We have been discussing the online travel industry and have covered Yahoo! Travel, TripAdvisor, Travelocity, Orbitz, Expedia, Priceline and LonelyPlanet from a Web 3.0 perspective earlier. Here we will take a look at the popular travel meta-search engines, Kayak and SideStep in the light of the web 3.0 framework.
Kayak was founded in January 2004 by former executives of Orbitz, Travelocity and Expedia. Both BusinessWeek and Forbes.com have included Kayak among the “Best of the Web”. Entrepreneur magazine had selected the site as the “Best Site for Airfare Shopping”. Currently Kayak receives more than 6 million unique visitors per month.
SideStep, founded in 1999 is headquartered in Santa Clara, California. SideStep has won numerous awards and acknowledgements including the “Best of the Web” award from Forbes.com and BusinessWeek. In 2006, PC World included SideStep among the Best 100 Products of the Year. The site receives more than 5 million unique visitors per month.
The Context for Meta Search Engines is almost always to find the best possible flight or hotel.
Hence, it is the Search function that is most key.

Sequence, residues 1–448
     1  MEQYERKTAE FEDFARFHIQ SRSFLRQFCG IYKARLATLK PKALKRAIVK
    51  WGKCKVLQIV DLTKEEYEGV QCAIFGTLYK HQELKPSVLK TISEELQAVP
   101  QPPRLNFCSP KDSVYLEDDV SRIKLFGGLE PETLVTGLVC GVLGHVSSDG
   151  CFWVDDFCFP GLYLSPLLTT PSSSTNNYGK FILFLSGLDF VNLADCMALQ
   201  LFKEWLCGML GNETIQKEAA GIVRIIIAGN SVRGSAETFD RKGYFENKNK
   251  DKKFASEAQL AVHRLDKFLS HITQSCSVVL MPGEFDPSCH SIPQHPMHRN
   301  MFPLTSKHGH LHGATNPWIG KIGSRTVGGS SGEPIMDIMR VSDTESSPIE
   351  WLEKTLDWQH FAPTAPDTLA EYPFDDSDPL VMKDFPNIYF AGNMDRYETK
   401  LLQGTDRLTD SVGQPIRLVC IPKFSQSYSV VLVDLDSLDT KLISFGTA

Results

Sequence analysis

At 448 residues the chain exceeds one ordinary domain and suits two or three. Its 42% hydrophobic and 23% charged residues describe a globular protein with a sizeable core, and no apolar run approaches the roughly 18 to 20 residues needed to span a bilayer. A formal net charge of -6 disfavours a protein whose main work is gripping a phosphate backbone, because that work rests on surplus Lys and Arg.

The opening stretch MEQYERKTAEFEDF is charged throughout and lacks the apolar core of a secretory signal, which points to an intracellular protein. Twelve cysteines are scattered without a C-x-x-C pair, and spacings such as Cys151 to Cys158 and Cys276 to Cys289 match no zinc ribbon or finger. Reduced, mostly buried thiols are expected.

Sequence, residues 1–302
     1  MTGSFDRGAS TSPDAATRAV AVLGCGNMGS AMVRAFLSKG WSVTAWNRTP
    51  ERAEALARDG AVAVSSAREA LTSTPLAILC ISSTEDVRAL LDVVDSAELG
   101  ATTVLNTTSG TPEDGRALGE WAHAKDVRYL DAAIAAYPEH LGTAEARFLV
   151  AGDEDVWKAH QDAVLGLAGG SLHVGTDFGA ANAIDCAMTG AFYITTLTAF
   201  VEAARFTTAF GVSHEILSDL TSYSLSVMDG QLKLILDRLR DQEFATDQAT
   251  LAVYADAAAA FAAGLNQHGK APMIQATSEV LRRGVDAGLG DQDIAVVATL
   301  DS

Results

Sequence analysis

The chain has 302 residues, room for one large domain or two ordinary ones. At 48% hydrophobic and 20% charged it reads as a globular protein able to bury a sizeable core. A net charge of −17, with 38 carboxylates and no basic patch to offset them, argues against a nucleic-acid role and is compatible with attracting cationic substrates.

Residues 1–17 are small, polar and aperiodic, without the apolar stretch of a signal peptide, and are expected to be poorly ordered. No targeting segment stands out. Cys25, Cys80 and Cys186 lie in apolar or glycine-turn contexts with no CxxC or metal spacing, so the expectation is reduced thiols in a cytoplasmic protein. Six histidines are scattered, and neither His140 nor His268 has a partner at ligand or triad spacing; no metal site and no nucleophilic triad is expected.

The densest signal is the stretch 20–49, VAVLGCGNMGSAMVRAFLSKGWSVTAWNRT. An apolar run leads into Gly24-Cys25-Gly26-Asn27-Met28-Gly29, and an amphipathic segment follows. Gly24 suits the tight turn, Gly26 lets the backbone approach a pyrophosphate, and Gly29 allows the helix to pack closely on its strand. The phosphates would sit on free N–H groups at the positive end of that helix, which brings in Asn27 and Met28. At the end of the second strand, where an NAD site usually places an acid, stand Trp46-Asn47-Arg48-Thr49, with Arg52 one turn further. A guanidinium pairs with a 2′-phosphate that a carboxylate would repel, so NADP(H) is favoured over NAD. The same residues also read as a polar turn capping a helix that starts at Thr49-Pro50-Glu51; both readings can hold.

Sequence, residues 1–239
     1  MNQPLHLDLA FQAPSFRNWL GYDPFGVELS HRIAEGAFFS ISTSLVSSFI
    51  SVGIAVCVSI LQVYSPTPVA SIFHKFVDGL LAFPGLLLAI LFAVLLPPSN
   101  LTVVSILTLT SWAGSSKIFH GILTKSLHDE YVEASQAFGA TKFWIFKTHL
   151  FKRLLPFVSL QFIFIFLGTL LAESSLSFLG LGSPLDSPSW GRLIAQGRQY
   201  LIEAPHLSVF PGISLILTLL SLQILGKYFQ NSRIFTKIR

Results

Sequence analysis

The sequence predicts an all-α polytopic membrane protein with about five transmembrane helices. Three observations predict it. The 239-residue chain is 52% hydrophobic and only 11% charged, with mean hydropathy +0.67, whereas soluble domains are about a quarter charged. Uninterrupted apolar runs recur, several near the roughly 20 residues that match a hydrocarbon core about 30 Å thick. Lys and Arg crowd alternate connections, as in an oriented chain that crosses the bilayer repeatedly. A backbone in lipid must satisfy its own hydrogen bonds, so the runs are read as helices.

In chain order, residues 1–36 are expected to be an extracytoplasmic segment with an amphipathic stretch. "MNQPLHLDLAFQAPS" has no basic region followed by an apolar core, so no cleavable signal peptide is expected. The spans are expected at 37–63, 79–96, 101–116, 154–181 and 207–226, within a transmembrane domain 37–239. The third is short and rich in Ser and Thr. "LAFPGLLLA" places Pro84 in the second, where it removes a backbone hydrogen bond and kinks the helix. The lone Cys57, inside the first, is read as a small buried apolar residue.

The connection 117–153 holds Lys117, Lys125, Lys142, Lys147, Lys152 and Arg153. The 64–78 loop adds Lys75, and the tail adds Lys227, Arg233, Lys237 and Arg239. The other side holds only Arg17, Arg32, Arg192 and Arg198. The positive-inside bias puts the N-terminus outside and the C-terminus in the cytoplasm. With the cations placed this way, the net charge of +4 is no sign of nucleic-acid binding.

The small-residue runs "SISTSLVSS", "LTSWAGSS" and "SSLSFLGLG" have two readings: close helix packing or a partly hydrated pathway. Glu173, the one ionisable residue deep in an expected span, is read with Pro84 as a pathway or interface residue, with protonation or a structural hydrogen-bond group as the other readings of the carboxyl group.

Both Kayak and Sidestep provide various nuances of vertical search that are fantastic. Both do the bread-and-butter flight, hotel, car rental searches that one would expect on a travel search engine, and do them well. You can narrow down searches by Price, Date Ranges, No. of Stops, Class of Travel (for airlines), distance from landmarks for hotels, and a host of other search criteria. And they not only search Expedia, Orbitz, and other online portals, they also search the hotel and airlines sites like BritishAirways.com, HolidayInn.com, etc.
There are a few minor issues, however, which both engines need to fix. British Airways and United, for example, have a class of service called “Economy Premier”, which is between Economy and Business. Try searching for Economy Premier tickets on Kayak. Doesn’t work.
Personalized Alerts on Best Fares across travel portals and airlines to various destinations is also very useful. Below is one that I have set up for Africa.
Kayak doesn’t have any Content, but SideStep has a Travel Guide feature, which is powered by Travelocity, Frommer’s, and other Content Partners. Seems like an easy function to replicate via some partnerships, and Kayak should emulate.
Community doesn’t really apply here, since we’re reviewing a vertical search engine, although being able to do a search on the community generated reviews of a particular hotel across various portals could be very helpful also. Besides that, the community function is pretty much unnecessary here.
Commerce is also not part of a Meta Search engine’s business model.
In fact, Meta-search engines earn money mainly through advertising and referral fees. Kayak also enables travel search for AOL, CNN, About.com and USAToday.com. Some of SideStep’s advertising partners are Forbes.com, Priceline, Radisson Hotels & Resorts, and Orbitz.
Travel is a very significant category online,
and in these days of active M&A, it is very likely that these two vertical search engines will soon be acquired by one of the bigger internet conglomerates, or a larger Travel portal.